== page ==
Speaking of commitment, Marco said his top priority remains winning the Indy 500 – “the big one,” as he put it. It’s a life-changing accomplishment that his grandfather Mario reached in 1969 but his father Michael was unable to achieve despite numerous close calls.
Aside from that continuing desire, Marco admitted he’s enjoying his newfound freedom.
“I’m actually loving life,” he said. “I’m kind of in control of my own destiny from a racing point of view. I can still win the big one and kind of be more diverse from there. I’m at my own will, whatever I feel like driving.”
He’s already signed up for good friend Tony Stewart’s Superstar Racing Experience (SRX), a six-race, prime-time series this summer putting greats from multiple racing disciplines – including Stewart, Bill Elliott, Bobby Labonte and Michael Waltrip from NASCAR, Willy T. Ribbs from sports cars, and Tony Kanaan, Paul Tracy and Helio Castroneves from IndyCars – in identical high-horsepower, low-downforce cars at short tracks around the nation.
“I couldn’t say no to (Stewart) on that,” Marco said. “That’s going to be too fun.”
The SRX event at Stewart’s Eldora Speedway in Ohio conflicts with the WeatherTech Championship weekend at Watkins Glen International in late June, but Jarett Andretti told his cousin to “double duty it” since the SRX race is at night and Marco could make the short private flight between the tracks. And Jarett Andretti knows all about double duty, as his father, John, was the first to compete in the Indianapolis 500 and the NASCAR Coca-Cola 600 in the same day back in 1994 when Jarett was a year-and-a-half old.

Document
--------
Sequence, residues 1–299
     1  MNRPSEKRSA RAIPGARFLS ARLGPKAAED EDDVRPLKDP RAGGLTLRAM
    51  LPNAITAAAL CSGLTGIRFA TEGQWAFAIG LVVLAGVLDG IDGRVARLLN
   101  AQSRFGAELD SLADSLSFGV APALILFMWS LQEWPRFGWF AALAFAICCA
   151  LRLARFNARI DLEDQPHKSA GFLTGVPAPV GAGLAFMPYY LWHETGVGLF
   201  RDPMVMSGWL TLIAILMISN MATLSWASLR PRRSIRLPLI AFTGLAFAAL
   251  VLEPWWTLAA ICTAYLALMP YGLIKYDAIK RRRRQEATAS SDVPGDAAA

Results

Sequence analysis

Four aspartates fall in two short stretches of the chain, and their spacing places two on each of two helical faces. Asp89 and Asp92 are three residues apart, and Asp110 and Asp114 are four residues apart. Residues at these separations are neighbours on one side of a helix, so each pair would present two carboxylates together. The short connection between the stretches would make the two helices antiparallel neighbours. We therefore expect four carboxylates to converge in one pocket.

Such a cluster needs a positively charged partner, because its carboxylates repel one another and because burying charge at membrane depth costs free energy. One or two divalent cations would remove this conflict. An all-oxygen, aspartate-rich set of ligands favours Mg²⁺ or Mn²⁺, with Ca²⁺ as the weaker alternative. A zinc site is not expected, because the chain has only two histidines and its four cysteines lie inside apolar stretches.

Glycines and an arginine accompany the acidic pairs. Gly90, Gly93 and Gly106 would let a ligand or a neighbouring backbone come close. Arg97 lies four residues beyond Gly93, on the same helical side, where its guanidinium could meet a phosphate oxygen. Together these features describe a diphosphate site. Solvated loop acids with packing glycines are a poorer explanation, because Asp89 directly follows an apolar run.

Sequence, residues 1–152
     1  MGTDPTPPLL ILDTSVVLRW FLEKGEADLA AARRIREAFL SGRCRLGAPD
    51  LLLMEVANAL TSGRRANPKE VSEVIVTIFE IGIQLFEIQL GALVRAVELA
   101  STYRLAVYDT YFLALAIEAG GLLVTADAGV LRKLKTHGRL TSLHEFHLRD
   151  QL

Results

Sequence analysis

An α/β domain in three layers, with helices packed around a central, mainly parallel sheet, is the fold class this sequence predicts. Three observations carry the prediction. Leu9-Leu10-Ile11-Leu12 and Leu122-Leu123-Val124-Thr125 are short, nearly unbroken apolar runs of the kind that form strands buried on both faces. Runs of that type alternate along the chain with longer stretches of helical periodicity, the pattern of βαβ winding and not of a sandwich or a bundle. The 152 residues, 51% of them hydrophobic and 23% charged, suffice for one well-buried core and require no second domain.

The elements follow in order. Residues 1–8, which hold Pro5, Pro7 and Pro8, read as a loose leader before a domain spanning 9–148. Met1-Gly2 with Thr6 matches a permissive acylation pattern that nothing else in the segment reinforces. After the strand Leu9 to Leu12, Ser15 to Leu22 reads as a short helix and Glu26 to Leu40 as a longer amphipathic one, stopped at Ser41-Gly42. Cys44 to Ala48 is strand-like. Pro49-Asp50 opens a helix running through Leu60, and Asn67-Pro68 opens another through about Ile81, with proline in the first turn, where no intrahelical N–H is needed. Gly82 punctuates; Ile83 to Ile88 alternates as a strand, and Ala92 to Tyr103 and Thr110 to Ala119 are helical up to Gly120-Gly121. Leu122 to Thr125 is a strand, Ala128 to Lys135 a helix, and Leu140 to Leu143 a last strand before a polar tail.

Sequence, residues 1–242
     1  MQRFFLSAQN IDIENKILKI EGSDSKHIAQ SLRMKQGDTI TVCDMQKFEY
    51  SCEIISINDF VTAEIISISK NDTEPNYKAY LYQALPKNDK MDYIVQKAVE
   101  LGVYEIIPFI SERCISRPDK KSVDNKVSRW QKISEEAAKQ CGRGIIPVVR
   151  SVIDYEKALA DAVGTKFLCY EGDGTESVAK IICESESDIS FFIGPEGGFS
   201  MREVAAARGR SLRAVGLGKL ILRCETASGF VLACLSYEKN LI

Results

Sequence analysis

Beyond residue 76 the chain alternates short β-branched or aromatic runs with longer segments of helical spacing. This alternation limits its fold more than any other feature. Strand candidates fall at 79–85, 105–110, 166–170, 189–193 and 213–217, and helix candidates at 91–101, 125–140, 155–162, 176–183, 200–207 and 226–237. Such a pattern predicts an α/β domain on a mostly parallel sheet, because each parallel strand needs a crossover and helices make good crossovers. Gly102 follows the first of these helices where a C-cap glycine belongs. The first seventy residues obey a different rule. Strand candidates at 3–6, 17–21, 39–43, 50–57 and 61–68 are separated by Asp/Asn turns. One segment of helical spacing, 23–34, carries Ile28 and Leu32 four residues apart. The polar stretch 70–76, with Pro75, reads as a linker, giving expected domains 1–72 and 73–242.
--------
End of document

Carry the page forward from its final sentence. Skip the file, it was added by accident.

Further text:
Marco feels added incentive to drive with Jarett, who’s five years his junior and worked his way up through the dirt-track and GT racing ranks. In the span of a year, Jarett’s father – the versatile NASCAR, IndyCar, drag racing and 1989 Rolex 24 At Daytona winner – died after a lengthy battle with colorectal cancer and Jarett’s grandfather Aldo – Mario’s twin brother and a talented racer as well until sustaining serious injuries in the 1960s – passed away in December at age 80.
Something Jarett told Marco recently provided all the motivation the latter needed.
“It meant a lot to me when he said, ‘We’ve got to make these races happen because it’s the closest thing I’m going to get to driving with my dad,’” Marco recalled of what Jarett said. “I was humbled to hear that. It would be my pleasure to co-drive with him.”
The next IMSA Prototype Challenge race, in which Herbert and Jarett Andretti are slated to compete, is March 13 at Sebring. It also falls on Marco Andretti’s 34th birthday.